Post for a living? It is possible. And not rocket science either, according to Thessy Kouzoukas, 24, and Yiota Karalouka, 25, the filter-savvy duo behind Aussie online fashion retailer Sabo Skirt.
They say without Instagram, their business would be nowhere near as successful as it is today. And with close to one million followers, they’re probably right. Yep, turns out there’s a whole crop of ’grammers killing it in our feeds and in business. Lucky for us, they’re letting us in on their skills.
Make it profesh
Think of your Instagram feed as a shop window display. If it’s not eye-catching enough, then don’t expect a double-tap. “All too often, people post bad imagery that doesn’t send out the right message about your brand personality,” the pair explain. “We’ve always been all about the details and providing perfection in our clothing, so this shouldn’t change when it comes to social media.”
Hash to the tag
In the market for more followers? Get your hashtag on – but make sure each and every hashtag you use is #relevant. For instance, if you post a pic of your new bikini hashtag the brand, so like-minded users can see what’s out there. “We continuously use the #saboskirt hashtag,” says Karalouka. “It’s a great way to see what people post about us and what they’re loving.”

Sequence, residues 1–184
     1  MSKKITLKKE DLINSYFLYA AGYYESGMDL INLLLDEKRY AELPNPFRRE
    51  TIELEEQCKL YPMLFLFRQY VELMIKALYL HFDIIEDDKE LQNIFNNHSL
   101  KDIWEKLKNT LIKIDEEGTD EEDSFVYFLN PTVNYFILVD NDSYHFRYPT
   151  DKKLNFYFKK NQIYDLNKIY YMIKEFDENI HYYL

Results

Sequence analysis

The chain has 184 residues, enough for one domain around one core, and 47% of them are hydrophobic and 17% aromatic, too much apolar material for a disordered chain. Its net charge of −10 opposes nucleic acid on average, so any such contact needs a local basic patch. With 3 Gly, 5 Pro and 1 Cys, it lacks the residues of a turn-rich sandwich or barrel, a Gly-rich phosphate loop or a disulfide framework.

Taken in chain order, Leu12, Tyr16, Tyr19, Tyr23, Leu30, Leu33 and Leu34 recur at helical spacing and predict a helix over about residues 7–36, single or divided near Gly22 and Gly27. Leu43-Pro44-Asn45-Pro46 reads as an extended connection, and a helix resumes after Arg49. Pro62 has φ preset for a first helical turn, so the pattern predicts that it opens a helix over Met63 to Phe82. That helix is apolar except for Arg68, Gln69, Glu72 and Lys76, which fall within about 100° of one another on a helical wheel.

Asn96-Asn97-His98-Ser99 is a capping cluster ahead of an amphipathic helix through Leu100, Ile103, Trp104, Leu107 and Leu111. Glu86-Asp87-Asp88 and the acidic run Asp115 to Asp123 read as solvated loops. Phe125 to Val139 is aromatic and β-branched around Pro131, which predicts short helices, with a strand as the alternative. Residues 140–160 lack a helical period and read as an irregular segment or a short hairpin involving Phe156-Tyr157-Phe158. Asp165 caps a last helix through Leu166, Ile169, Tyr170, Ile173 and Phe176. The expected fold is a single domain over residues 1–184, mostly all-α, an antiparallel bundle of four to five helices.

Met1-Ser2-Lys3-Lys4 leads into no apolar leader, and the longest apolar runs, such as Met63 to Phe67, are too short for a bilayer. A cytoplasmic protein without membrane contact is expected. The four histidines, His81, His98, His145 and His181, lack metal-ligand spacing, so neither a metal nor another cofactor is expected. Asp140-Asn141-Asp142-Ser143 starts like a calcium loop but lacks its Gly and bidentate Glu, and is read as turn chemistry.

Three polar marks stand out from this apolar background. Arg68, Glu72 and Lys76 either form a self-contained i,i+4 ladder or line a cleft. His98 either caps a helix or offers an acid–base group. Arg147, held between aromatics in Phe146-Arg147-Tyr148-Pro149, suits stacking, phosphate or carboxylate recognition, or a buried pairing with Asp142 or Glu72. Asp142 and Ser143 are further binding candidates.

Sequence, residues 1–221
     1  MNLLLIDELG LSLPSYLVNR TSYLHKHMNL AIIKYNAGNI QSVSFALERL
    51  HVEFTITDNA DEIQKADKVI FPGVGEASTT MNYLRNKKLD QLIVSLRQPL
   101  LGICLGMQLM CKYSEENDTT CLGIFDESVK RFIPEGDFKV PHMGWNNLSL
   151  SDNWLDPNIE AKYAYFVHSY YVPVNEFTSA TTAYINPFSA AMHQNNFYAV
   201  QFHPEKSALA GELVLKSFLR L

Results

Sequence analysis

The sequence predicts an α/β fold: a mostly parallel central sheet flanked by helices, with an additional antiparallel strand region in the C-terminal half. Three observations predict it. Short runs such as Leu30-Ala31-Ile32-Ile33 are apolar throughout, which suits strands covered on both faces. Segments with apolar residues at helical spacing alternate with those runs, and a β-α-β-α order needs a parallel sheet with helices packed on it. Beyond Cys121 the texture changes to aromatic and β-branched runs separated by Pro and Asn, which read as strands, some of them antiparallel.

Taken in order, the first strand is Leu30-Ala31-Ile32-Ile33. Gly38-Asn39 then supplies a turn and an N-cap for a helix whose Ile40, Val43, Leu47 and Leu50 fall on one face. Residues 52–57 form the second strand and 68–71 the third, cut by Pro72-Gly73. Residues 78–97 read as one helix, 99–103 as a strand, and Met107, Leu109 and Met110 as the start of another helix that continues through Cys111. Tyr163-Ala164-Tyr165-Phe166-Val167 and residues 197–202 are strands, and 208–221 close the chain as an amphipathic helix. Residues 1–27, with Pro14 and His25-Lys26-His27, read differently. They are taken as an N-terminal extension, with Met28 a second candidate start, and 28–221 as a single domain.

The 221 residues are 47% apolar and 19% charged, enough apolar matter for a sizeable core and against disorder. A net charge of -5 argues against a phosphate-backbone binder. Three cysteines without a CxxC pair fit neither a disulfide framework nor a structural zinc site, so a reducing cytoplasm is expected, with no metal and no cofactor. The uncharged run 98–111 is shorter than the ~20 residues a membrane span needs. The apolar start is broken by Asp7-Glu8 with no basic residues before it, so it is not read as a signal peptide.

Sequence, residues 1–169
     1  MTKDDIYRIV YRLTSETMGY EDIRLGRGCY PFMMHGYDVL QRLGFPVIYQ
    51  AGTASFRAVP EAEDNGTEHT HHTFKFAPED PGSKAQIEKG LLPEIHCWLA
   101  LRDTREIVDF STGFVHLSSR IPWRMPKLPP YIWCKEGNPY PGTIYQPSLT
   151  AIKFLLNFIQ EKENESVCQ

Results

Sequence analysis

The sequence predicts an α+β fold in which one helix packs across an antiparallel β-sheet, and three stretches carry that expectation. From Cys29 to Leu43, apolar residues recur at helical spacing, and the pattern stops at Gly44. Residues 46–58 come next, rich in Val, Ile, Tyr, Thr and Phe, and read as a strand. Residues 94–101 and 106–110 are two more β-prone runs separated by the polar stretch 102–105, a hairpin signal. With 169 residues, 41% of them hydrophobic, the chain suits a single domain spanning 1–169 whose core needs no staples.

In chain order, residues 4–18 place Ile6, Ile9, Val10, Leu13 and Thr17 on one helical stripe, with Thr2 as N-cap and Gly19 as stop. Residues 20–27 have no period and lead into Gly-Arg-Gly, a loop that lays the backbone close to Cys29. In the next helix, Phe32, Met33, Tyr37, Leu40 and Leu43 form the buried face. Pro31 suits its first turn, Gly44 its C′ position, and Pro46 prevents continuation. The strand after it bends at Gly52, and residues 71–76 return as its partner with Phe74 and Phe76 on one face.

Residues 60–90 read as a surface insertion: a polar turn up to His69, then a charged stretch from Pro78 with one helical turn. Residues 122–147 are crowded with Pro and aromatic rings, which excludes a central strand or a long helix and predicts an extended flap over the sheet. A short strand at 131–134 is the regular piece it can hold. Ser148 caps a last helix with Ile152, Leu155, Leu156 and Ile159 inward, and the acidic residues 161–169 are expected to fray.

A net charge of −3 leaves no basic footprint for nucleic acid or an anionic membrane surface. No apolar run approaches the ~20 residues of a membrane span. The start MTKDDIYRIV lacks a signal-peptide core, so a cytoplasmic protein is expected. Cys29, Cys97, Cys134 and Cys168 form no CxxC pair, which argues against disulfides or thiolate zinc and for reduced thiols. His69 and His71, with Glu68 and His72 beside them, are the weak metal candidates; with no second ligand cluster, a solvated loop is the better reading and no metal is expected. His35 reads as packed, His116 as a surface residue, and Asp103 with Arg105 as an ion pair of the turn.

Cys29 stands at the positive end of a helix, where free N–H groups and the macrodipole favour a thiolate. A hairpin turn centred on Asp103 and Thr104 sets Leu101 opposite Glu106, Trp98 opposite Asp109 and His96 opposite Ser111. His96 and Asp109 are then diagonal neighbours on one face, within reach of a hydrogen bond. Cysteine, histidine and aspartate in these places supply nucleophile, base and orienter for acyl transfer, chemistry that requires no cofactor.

You also need to know which hashtags are duds. Try searching #iphone and you’ll get a “no tags found” message. Instagram made it unsearchable, along with other vague terms which it believes do not provide “user value”. You also can’t search for porn-y stuff like #bigboobs or anything that promotes pro-ana culture.
“Our number-one tip would be to post regularly, at least twice a day,” they tell us. Timing is also important – stick to mornings and evenings, and catch your followers on their daily commute.
Share the love
Like and comment on other people’s posts – it’s all about creating a mini community. “A picture of Yiota’s new dog, asking for name suggestions, got 42,456 likes 2044 and comments,” says Kouzoukas.